Opinion

Johnny Cueto feels ‘emotional’ returning to Cincinnati with Royals

Kansas City Royals pitcher Johnny Cueto, left, hugs Cincinnati Reds manager Bryan Price before a baseball game, Tuesday, August 18, 2015, in Cincinnati. Cueto was traded to the Royals from the Reds in July.
Kansas City Royals pitcher Johnny Cueto, left, hugs Cincinnati Reds manager Bryan Price before a baseball game, Tuesday, August 18, 2015, in Cincinnati. Cueto was traded to the Royals from the Reds in July. The Associated Press

Johnny Cueto studied the Royals schedule leading up to this week’s two-game series with the Reds. Before the Royals arrived, Cueto approached pitching coach Dave Eiland with a question: Could he pitch against his former club, in the ballpark he had called home since 2008?

The Royals harbor plans that trump sentimentality. Eiland informed Cueto that the team would not pitch him on short rest. He will start again this weekend in Boston.

And perhaps this is for the best. During a news conference with reporters on Tuesday, Cueto admitted he felt strange dressing in the visitors’ clubhouse at Great American Ball Park.

“He said he feels a little timid,” said catching coach Pedro Grifol, who translated for Cueto. “It is emotional coming over here and not being with Jay Bruce and some of the guys he came up with.”

The Royals acquired Cueto on July 26 for a three-man package of left-handed pitching prospects. Both Brandon Finnegan and Cody Reed are currently throwing in Cincinnati’s minor-league system. John Lamb made his big-league debut last week and gave up five runs in eight innings. Like Cueto, Lamb will also not pitch against his former team this week.

Cueto, who’s 2-1 with a 1.80 ERA in Kansas City, has excelled for the Royals during his four starts. He threw the team’s first shutout of the season on Aug. 10 against Detroit. In his next outing, he allowed one run in eight innings against the Angels.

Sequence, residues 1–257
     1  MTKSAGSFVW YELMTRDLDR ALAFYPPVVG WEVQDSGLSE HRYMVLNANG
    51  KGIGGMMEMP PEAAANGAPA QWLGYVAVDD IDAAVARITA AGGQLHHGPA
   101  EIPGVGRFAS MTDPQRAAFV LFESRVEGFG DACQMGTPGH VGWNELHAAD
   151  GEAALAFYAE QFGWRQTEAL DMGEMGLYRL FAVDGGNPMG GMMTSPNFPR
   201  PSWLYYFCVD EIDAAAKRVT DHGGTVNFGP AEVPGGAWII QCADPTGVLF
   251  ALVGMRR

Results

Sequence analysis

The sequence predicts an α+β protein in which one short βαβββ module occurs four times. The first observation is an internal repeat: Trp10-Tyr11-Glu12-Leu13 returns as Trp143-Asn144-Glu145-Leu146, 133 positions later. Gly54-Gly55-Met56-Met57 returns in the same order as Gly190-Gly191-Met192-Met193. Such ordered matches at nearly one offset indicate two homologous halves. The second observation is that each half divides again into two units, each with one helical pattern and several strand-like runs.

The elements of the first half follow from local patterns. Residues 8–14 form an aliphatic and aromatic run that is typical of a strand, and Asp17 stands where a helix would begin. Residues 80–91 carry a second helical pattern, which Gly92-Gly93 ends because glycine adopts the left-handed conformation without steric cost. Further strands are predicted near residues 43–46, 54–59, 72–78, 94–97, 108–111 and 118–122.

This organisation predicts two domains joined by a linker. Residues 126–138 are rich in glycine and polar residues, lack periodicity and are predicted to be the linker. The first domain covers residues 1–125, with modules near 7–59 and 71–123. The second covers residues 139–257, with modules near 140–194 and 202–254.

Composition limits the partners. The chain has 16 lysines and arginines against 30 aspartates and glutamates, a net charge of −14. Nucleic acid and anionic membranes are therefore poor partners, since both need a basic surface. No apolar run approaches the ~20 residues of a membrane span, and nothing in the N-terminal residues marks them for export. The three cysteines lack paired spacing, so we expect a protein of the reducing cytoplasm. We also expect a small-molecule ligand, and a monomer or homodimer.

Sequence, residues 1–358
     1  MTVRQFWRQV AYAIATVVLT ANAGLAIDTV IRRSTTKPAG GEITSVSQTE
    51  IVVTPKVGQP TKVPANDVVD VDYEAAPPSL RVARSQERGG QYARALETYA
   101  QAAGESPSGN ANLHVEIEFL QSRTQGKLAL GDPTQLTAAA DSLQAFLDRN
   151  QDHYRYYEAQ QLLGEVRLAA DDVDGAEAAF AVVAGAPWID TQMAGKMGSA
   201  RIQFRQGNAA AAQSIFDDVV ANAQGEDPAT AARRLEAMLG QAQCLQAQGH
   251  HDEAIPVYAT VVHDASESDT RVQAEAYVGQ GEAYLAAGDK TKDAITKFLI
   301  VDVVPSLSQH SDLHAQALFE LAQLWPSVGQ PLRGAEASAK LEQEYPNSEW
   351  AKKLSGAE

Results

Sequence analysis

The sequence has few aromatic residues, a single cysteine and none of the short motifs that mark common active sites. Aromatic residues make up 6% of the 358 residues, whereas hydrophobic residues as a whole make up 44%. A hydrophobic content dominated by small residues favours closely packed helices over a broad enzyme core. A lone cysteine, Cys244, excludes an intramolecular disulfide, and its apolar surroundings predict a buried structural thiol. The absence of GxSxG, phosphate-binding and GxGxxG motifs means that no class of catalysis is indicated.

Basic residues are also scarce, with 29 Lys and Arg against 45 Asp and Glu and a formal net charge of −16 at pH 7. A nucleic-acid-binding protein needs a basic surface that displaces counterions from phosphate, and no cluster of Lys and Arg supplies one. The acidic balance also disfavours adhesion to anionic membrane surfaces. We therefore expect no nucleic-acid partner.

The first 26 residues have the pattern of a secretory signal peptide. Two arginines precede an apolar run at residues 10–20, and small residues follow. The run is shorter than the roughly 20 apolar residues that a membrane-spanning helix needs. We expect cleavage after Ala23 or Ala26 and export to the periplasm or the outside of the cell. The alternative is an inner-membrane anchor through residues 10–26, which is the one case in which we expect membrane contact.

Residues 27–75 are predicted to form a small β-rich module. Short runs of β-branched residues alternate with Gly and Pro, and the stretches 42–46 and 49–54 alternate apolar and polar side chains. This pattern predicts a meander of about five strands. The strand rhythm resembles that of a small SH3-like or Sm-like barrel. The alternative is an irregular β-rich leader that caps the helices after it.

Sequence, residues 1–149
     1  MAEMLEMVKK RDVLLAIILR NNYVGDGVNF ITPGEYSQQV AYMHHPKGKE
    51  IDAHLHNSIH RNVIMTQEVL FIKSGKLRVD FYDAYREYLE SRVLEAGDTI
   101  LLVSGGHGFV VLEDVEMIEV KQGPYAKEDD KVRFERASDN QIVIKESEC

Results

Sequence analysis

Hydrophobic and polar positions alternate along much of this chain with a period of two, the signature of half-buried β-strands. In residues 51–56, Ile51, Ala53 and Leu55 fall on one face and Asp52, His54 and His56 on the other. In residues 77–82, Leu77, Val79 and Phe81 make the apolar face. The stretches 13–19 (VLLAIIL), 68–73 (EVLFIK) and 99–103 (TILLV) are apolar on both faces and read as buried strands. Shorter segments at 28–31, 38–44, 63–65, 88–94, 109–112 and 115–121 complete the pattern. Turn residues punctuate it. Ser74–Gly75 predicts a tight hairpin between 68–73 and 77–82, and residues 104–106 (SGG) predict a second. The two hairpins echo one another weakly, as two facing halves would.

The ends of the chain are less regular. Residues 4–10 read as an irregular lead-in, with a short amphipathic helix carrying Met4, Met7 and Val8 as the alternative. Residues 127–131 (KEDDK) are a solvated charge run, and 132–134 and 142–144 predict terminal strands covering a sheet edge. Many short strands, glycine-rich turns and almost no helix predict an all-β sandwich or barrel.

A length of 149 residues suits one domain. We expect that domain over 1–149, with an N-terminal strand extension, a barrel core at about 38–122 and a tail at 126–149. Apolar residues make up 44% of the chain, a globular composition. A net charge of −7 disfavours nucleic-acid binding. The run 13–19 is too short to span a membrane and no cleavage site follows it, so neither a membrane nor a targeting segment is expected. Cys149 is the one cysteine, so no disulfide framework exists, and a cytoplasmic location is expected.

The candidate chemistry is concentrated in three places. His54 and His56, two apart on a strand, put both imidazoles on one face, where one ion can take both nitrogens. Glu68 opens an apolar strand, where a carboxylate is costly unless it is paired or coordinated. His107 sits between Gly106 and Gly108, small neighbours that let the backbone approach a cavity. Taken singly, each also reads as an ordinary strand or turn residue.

Cueto will become a free agent at the end of the season. When preseason contract negotiations with Cincinnati broke down, Cueto understood he would likely be traded if the Reds stumbled in 2015. So he had months to prepare for his departure from the organization that signed him out of the Dominican Republic in 2004.

Cueto hoped to receive a kind reception during these two games.

“The fans really supported him here, throughout his years,” Grifol said. “He gave the Reds and the fans everything he had in his time here.”

Despite the pangs for his former club, Cueto indicated his enthusiasm for his current situation.

“Thank God, he feels really good right now,” Grifol said. “His arm feels good. He just feels at his best. And also, thank God, that he was able to join us, the Royals, at this time, with the chances of playing in the postseason and the World Series.”

To reach Andy McCullough, call 816-234-4730 or send email to rmccullough@kcstar.com. Follow him on Twitter @McCulloughStar. Download True Blue, The Star’s free Royals app, here.

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